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Latest education news, comment and analysis on schools, colleges, universities, further and higher education and teaching from the Guardian, the world's leading liberal voice

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    Your daughter’s homework isn’t being marked. Your son’s been put in detention for no real reason. What’s the best course of action? A teacher writes …

    One of the best pieces of advice I was ever given was from a friend in the restaurant business. If I were planning to complain about any part of my meal or service, he said, I should wait until I had eaten all I was going to eat that night. He illustrated this warning with examples of what can happen to food prepared for awkward customers, and so I’ve followed this advice ever since. It’s a good principle: don’t complain to people on whom you’re relying – unless there’s no way they can wipe your steak on their bum or drop a bogey in your soup.

    As with restaurants, so with schools. The difference with schools is that you’re likely to be stuck with them for a lot longer than one meal. So think carefully before putting on your Mr Angry face and marching into the school for a spot of ranting.

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    Students share their experiences of mental health issues and reveal a common and worrying problem

    Read more: where to get help for your mental health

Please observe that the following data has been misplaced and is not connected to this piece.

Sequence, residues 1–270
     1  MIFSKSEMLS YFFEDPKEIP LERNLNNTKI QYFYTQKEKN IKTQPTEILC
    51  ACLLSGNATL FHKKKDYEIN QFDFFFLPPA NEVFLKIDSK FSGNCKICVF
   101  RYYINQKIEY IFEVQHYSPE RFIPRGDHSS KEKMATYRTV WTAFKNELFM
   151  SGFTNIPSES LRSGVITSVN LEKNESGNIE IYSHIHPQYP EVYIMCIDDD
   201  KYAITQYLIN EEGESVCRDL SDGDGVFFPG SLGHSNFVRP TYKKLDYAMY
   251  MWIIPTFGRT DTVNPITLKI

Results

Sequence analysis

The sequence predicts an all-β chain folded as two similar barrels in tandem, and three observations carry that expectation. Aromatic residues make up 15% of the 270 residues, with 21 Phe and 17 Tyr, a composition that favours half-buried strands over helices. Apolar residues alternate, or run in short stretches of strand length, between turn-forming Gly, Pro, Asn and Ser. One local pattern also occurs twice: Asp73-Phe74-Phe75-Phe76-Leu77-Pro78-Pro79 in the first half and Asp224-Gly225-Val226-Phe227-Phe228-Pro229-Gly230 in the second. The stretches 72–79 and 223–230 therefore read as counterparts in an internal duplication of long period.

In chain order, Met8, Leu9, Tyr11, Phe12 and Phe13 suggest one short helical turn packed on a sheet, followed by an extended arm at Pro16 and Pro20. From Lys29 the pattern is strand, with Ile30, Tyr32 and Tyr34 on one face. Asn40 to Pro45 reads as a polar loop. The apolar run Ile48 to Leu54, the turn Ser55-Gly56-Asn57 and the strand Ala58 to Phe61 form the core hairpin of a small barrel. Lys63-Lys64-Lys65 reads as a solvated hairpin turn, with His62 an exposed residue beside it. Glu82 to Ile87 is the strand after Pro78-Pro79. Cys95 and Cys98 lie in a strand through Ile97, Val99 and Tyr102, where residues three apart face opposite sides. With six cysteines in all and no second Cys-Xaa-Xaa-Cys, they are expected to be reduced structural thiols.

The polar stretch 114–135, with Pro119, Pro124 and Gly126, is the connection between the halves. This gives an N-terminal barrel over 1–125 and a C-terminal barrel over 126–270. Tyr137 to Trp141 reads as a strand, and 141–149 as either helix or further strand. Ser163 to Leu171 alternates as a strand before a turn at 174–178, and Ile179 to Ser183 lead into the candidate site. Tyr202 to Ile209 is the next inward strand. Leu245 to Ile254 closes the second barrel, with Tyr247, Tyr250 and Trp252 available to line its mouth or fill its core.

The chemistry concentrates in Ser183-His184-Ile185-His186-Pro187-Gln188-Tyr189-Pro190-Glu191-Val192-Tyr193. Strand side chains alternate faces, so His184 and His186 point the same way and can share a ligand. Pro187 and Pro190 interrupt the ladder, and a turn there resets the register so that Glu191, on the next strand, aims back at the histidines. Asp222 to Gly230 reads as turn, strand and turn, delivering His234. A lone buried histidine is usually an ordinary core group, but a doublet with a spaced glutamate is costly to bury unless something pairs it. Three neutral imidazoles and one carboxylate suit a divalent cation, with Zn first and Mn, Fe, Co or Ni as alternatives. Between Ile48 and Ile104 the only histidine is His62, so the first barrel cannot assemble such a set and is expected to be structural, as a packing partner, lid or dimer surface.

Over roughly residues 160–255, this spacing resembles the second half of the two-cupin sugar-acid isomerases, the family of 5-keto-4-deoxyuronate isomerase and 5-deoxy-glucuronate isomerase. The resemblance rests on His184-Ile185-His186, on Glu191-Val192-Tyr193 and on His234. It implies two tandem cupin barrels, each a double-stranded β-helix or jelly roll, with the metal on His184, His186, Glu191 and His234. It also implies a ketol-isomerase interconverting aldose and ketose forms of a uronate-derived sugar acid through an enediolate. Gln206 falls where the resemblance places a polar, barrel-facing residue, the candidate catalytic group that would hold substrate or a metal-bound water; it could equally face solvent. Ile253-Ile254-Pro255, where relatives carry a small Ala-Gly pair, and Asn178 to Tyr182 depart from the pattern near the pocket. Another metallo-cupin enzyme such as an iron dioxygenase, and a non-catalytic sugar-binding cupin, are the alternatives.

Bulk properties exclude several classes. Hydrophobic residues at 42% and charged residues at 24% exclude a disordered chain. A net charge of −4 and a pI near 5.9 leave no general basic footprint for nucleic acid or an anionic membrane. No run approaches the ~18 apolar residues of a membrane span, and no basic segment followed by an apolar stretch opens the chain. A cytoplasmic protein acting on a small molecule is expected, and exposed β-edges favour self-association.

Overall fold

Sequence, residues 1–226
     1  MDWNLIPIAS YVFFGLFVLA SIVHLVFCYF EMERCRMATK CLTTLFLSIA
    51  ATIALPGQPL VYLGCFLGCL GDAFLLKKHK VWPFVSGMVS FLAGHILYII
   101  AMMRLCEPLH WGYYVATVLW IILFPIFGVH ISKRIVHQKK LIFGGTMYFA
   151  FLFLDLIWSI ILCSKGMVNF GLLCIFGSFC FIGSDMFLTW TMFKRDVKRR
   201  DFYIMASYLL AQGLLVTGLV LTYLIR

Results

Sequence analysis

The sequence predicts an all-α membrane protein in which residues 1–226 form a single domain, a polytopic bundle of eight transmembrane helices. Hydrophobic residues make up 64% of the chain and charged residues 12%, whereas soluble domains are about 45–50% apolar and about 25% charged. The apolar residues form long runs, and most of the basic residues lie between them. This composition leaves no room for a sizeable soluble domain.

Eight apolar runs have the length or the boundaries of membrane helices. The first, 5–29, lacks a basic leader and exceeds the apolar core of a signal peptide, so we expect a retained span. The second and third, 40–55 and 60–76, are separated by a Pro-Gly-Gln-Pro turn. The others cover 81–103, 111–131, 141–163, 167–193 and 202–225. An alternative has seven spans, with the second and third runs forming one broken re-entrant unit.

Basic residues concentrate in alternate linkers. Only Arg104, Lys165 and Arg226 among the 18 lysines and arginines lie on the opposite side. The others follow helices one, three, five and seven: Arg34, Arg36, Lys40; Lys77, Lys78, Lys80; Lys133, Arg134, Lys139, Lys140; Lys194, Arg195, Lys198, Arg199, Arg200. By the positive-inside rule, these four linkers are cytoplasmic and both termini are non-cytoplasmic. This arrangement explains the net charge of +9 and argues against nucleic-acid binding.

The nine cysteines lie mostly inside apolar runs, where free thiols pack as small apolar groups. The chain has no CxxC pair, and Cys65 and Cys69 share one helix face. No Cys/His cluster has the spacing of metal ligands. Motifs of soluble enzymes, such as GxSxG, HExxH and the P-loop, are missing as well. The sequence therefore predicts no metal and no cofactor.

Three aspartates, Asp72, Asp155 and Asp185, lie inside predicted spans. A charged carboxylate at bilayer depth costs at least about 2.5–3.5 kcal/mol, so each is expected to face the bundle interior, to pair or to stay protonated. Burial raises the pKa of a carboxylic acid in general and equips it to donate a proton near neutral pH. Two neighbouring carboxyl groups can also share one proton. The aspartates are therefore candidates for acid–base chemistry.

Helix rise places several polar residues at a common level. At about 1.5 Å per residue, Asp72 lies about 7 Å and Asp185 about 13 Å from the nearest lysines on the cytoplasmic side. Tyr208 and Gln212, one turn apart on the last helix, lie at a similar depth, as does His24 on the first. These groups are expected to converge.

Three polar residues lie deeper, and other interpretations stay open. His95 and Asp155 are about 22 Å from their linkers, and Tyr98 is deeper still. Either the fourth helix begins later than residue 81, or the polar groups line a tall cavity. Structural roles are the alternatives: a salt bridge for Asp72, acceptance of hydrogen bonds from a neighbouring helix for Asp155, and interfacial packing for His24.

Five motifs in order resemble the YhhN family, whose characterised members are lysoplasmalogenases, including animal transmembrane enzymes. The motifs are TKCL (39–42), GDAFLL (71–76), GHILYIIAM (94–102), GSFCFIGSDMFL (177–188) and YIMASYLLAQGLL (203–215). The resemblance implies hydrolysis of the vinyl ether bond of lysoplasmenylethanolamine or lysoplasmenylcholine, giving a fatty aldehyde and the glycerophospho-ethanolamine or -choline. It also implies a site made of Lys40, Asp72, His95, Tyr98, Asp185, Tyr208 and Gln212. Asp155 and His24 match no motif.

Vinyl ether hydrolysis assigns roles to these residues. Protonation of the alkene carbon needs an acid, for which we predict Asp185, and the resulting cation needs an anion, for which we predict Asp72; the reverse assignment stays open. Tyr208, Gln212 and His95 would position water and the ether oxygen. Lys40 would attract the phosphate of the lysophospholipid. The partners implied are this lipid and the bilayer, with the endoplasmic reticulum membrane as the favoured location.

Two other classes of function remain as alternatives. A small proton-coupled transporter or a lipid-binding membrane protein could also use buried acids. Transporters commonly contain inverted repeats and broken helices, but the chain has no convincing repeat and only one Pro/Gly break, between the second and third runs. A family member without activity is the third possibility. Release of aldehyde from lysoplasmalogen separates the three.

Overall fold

When I asked students to share their experiences of mental health at university, I had no idea of the reaction it would receive. Over five days we received over 200 stories. Many entries we weren't able to include, for legal reasons or because the experiences described were too harrowing to publish.

    Originally planned to stay open for two weeks, we decided to close the project early because there wasn't the capacity to moderate the influx of entries. Each morning we were met with more stories – from students who opened up about their anxieties and struggles.

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    I never thought the class, which centered on shame-and-fear-based teachings, was going to be so awful, or that my tweets about it would be read by thousands of people

    When you’re a sex researcher with a sense of humor – which I am – and you have a history of writing about your kid’s rather lame public school sex education – which I do – and he asks you to come to his high school class to see the “abstinence-based” sex education he’s getting now – which he did – you should probably say you have a conflicting doctor’s appointment.

    Instead, I went to class.

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    You might hate your school uniform, but I think it's there for good reason, says 15-year-old Chloe Spencer

    A shirt, tie and blazer may not be the ingredients for my favourite outfit, but if I were given the choice, I wouldn’t throw away the idea of school uniform. Wearing a uniform is a badge of pride, creates an identity for a school and is an important part of being a school student.